From Programming Parallel Algorithms.
Communications of the ACM, 39(3), March, 1996.

Next: Planar Convex-Hull Up: Examples of Parallel Algorithms Previous: Primes

## Sparse Matrix Multiplication

Sparse matrices, which are common in scientific applications, are matrices in which most elements are zero. To save space and running time it is critical to only store the nonzero elements. A standard representation of sparse matrices in sequential languages is to use an array with one element per row each of which contains a linked-list of the nonzero values in that row along with their column number. A similar representation can be used in parallel. In NESL a sparse matrix can be represented as a sequence of rows, each of which is a sequence of (column-number, value) pairs of the nonzero values in the row. The matrix

A =
 2 -1 0 0 -1 2 -1 0 0 -1 2 -1 0 0 -1 2
is represented in this way as
```A = [[(0, 2.0), (1, -1.0)],
[(0, -1.0), (1, 2.0), (2, -1.0)],
[(1, -1.0), (2, 2.0), (3, -1.0)],
[(2, -1.0), (3, 2.0)]]
```
where A is a nested sequence. This representation can be used for matrices with arbitrary patterns of nonzero elements since each subsequence can be of a different size.

A common operation on sparse matrices is to multiply them by a dense vector. In such an operation, the result is the dot-product of each sparse row of the matrix with the dense vector. The NESL code for taking the dot-product of a sparse row with a dense vector x is:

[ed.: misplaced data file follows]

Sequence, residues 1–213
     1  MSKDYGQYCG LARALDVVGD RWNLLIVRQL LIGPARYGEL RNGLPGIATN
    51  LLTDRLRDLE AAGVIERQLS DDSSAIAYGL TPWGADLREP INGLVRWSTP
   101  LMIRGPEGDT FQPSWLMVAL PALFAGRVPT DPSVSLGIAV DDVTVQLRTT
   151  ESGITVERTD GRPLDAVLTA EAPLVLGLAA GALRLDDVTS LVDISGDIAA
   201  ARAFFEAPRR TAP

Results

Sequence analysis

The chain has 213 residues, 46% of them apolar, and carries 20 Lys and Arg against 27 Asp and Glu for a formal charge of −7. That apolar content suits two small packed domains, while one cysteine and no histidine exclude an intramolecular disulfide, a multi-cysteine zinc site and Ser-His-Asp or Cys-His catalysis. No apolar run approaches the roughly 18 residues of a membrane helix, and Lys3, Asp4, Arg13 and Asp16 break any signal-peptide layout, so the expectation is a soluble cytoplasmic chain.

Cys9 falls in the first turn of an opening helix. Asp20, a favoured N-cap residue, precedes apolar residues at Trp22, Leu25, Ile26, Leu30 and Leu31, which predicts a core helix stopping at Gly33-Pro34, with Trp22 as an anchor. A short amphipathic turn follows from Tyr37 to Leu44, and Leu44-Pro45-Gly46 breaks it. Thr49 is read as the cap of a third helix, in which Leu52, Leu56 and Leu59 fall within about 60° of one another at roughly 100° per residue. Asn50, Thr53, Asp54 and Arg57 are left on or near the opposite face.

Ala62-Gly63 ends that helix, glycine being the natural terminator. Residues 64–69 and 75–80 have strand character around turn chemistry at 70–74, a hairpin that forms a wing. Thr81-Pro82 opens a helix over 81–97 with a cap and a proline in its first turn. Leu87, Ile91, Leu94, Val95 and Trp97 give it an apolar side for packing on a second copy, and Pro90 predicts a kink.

```  sum({v * x[i] : (i,v) in row});
```
This code takes each index-value pair (i,v) in the sparse row, multiplies v with the i value of x, and sums the results. The work and depth is easily calculated using the performance rules. If n is the number of non-zeros in the row, then the depth of the computation is the depth of the sum, which is O(log n), and the work is the sum of the work across the elements, which is O(n).

The full code for multiplying a sparse matrix A represented as above by a dense vector x requires that we apply the above code to each row in parallel, which gives

This example has nested parallelism since there is parallelism both across the rows and within each row for the dot products. The total depth of the code is the maximum of the depth of the dot products, which is the logarithm of the size of the largest row. The total work is proportional to the total number of nonzero elements.

Next: Planar Convex-Hull Up: Examples of Parallel Algorithms Previous: Primes

Guy Blelloch, blelloch@cs.cmu.edu